Competitor Magazine Endurance Sports Awards
A Benefit for Challenged Athletes Foundation

Photos by Chris Kostman / AdventureCORPS, February 8, 2003

aR0012509 R0012512 R0012513 R0012514 R0012516
R0012519 R0012521 R0012522 R0012523 R0012524
R0012527 R0012531 R0012532 R0012533 R0012534
R0012535 R0012536 R0012537 R0012538

The eleventh annual Endurance Sports Awards, held February 8, 2003 at Sea World, was a very special evening organized to recognize a wide variety of endurance athletes while benefiting the Challenged Athletes Foundation.

It was also neat to be there because one of the new award categories was "Ultramarathon Cycling Legend" and this year it would be awarded to Rob Kish, the seventeen time finisher of the Race Across America. As we all know, ultra-endurance sports rarely get this kind of “mainstream” attention.

The evening started with two hours of free-for-all arcade and circus style games where we all won lots of hilarious stuffed animals. It was a cute juxtaposition to see all these good-looking athletes in tuxes and sexy dresses with armloads of stuffed animals.

The awards program was really well organized and was emceed by Bob Babbitt, the publisher of Competitor Magazine and co-founder of C.A.F., along with Mike Reilly, the "Voice of the Ironman." They had a great stage with jumbo screens on both sides. A video montage of the 2002 endurance races in review was played. It included the Badwater Ultramarathon, which we at AdventureCORPS produce, so that was nice, as well as Race Across America, plus all the top triathlons, adventure races, and marathons.

There were quite a few awards given, nearly all of them preceded by a one to three minute video clip about the recipient. Truly, it was a very slick and fun presentation.

For me and many people there, the most compelling award recipient, as well as speaker, was "Cycling Legend" Award recipient Davis Phinney. Most all of you will remember that Davis racked up more cycling wins than any American cyclist in history, something like 250. Most of them he won in a sprint, though he did win the Coors Classic stage race, as I remember, not to mention two stages of the Tour de France. His career started after winning the bronze at the LA Olympics Road Race and then going to race in Europe for the 7-11 Team, the first ever American team to race in the Tour (Greg Lemond always raced on a French team in his TdF years). During the video montage of Davis’ career, everyone was struck by how the ESA Award, a body with the hands raised in the air in victory, looked a lot like Davis as he streaked across countless finish lines with his arms over his head.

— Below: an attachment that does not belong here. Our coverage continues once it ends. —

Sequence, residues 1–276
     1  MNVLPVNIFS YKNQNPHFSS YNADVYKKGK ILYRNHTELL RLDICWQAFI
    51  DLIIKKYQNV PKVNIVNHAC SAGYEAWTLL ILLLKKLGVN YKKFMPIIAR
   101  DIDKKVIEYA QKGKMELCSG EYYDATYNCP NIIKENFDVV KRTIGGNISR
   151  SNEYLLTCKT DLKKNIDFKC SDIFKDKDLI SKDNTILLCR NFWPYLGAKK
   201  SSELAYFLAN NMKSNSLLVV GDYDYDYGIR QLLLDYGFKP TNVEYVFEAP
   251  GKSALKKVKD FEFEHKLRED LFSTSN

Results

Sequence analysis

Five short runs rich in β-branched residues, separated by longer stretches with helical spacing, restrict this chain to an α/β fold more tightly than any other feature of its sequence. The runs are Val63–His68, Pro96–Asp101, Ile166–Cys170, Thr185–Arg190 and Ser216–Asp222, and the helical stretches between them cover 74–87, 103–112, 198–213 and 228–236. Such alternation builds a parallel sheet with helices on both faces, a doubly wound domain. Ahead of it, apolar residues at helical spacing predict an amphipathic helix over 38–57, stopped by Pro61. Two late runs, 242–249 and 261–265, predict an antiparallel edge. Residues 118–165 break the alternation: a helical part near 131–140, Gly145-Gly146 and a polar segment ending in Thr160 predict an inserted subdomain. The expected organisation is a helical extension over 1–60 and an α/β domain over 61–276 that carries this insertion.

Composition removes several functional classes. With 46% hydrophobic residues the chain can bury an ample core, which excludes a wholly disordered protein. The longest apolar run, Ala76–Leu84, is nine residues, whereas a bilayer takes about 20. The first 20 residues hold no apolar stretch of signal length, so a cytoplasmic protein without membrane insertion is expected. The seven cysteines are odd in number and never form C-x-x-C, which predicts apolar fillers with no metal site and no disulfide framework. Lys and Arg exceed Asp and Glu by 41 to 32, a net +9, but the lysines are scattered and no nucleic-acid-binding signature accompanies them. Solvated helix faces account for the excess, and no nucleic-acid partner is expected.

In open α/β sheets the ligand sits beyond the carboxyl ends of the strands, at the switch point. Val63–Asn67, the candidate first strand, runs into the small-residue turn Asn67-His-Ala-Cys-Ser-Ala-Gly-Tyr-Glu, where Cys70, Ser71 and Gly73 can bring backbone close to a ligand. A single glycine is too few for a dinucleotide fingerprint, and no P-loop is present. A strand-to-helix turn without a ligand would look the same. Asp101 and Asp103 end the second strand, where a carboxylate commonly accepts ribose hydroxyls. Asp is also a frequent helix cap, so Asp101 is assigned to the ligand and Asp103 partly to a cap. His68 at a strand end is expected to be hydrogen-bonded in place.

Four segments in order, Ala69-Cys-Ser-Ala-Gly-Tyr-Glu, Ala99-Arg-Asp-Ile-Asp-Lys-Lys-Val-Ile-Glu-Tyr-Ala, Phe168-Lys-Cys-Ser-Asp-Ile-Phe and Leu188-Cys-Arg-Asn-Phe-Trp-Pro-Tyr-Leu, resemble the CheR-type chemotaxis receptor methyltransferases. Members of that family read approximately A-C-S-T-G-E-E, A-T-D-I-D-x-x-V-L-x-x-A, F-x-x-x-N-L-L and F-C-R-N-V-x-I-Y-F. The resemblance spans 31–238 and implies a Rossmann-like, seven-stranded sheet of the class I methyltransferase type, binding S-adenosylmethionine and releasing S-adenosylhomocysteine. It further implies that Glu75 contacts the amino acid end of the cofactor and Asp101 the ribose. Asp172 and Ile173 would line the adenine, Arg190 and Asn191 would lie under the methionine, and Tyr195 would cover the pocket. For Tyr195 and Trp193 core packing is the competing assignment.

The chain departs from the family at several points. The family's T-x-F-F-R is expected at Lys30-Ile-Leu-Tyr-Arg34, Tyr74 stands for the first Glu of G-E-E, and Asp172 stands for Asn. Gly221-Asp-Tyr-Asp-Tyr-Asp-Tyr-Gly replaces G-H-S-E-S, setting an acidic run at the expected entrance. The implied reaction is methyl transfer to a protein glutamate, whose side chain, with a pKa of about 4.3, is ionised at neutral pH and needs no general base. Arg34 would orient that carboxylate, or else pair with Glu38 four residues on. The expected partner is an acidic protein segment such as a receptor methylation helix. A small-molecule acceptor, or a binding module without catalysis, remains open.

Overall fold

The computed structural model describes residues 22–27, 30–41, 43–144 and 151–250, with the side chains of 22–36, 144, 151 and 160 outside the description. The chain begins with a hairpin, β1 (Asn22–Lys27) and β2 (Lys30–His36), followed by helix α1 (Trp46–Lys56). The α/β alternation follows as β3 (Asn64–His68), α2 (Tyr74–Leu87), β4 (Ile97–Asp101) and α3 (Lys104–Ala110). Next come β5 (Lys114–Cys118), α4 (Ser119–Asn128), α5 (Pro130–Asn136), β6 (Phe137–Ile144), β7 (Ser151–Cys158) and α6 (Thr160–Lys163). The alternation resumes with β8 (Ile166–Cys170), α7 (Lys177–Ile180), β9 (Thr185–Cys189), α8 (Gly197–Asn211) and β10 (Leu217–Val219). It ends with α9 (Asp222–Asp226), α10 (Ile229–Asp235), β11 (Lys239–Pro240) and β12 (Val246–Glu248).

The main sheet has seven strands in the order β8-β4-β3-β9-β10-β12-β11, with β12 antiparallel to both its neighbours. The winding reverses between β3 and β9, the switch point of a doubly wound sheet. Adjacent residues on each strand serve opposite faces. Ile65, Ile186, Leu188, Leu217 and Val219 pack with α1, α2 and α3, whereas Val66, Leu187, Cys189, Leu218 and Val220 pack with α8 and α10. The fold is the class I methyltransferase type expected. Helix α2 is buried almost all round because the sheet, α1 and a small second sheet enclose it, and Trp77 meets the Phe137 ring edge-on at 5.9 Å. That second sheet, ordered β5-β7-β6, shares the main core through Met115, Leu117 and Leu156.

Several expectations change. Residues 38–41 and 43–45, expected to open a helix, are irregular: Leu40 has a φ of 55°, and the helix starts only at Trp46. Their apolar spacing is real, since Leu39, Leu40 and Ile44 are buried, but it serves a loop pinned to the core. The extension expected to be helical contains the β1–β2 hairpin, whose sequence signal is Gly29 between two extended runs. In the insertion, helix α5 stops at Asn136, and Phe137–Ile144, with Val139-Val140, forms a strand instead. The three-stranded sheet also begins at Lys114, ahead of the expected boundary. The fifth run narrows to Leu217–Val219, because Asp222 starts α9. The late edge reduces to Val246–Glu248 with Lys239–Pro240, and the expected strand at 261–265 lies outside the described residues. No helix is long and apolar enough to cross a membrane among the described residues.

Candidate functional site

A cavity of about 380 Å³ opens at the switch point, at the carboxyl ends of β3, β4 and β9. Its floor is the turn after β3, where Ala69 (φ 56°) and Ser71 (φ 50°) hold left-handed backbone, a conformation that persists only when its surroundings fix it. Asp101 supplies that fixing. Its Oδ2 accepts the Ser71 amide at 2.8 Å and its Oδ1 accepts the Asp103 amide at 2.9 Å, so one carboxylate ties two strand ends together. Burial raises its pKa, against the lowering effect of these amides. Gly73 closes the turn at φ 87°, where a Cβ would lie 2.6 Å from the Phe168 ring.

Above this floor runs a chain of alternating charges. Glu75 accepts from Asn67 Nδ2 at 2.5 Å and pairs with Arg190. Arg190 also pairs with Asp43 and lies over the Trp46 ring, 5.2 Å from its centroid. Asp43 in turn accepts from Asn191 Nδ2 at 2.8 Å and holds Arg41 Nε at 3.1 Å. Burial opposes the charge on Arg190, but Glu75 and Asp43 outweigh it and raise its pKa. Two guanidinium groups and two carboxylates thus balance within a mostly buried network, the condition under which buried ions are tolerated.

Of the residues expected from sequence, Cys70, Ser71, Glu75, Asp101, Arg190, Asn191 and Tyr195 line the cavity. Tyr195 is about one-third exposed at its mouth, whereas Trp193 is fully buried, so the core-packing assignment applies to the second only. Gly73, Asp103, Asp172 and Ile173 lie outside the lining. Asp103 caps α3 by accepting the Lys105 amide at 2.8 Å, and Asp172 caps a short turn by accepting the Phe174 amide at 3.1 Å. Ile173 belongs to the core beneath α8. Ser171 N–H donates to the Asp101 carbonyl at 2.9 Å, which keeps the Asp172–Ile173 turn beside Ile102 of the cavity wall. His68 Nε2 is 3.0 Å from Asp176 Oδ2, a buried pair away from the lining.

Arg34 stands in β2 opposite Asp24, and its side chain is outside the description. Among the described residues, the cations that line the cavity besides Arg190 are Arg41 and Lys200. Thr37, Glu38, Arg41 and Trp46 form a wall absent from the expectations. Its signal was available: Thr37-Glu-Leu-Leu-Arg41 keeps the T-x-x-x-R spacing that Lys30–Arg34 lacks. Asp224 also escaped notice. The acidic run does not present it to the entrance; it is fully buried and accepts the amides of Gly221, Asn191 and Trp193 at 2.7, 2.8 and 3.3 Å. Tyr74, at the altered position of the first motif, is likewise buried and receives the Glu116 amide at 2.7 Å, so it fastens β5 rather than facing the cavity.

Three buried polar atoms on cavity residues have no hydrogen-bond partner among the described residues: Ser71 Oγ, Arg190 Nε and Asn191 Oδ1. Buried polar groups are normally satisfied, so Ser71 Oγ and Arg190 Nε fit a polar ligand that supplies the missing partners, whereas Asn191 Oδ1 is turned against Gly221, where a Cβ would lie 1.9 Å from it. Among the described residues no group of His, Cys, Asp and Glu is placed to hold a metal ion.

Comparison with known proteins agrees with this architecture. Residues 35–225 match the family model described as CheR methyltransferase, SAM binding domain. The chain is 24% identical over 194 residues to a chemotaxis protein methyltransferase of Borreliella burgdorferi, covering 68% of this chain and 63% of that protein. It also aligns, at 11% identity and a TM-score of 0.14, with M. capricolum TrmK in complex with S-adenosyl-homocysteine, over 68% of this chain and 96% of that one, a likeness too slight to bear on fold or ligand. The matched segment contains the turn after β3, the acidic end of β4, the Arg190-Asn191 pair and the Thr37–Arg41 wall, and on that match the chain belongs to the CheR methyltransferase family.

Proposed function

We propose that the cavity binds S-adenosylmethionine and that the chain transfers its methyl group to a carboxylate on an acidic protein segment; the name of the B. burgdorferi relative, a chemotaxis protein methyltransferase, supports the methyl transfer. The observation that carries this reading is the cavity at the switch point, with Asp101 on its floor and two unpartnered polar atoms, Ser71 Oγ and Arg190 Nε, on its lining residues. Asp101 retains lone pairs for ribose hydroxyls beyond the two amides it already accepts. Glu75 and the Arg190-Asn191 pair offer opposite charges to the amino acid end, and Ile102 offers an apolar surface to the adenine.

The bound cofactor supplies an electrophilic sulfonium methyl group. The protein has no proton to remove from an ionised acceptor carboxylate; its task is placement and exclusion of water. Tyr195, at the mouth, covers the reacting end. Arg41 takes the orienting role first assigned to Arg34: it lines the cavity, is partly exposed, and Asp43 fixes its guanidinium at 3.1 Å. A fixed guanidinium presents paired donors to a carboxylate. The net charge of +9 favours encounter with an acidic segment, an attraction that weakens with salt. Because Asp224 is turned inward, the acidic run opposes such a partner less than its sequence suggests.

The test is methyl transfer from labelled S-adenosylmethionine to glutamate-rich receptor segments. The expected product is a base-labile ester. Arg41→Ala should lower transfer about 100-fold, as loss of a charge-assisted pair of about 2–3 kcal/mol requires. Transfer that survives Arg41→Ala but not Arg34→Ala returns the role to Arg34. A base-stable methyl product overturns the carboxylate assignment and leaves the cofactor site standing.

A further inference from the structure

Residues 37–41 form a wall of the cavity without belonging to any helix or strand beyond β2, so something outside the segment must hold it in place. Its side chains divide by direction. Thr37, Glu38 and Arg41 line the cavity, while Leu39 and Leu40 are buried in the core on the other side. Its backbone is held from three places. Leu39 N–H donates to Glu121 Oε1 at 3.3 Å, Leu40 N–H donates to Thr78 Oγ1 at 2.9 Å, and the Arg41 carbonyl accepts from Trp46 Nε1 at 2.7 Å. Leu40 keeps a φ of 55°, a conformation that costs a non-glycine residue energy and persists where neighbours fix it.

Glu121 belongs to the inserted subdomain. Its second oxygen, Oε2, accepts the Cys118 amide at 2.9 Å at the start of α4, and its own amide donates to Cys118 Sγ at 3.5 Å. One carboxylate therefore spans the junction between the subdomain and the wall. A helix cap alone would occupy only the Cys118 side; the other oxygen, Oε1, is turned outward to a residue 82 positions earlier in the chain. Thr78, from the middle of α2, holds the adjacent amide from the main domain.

A few years back, Davis announced that he now suffers from Parkinson’s Disease. Tonight he talked about how he was always racing his bike fast, trying to get somewhere really quickly, when he was a pro athlete. But now he sees that what he was really learning, in retrospect, was patience, waiting to see how things will play out, when to make his move, when to seize the real victory. Now that he’s not only retired, but afflicted with a terrible disease that puts his athletic days well behind him, he advises that we should make everything in life "competitive," something that we can "win," and that we take the time to appreciate the great moments and little personal victories. The inspiration may be a smile from a stranger, your child doing well in school, finishing a project, a great sunset, or a nice meal with a loved one; whenever possible, acknowledge what a great moment it is, treat it like a victory, and throw your arms over your head and say "Yes!"

Davis received a standing ovation and we all received a valuable and important lesson in life. Thank you, Davis!

Other Highlights
John Naber won the Olympic Legend Award for his four golds and one silver in swimming at the 1976 Olympic Games. He’s an absolutely incredible speaker, looks as good as he spoke, and was clearly very touched that people care about him now and for what he did 25 years earlier. Later, Tim Deboom won the Triathlete Magazine Long Distance Male Triathlete of the Year Award (he won the last two Kona Ironman Tri’s) and said that even though he was five when Naber won his medals, he (Tim) was a back-stroker as a kid and Nabor was his absolute idol.

Muffy Davis won the Challenged Athlete of the Year Award for not allowing her paralysis-causing skiing accident to ruin her life. The former Olympic aspirant is now a Paralympic mono-ski racer and just as beautiful and vibrant as ever. (She also came up to me earlier in the evening and complimented me about my snakeskin boots. My boots, by the way, belonged to the personal wardrobe of Clayton Moore, the actor who played The Lone Ranger and my tux belonged to country music superstar and actor Dwight Yoakam, while my tie was my grandfather Ed Stafsholt’s Loyal Order of Moose tie.)

Click here for the 2003 Endurance Sports Awards

Click here for the 2004 Endurance Sports Awards

back to top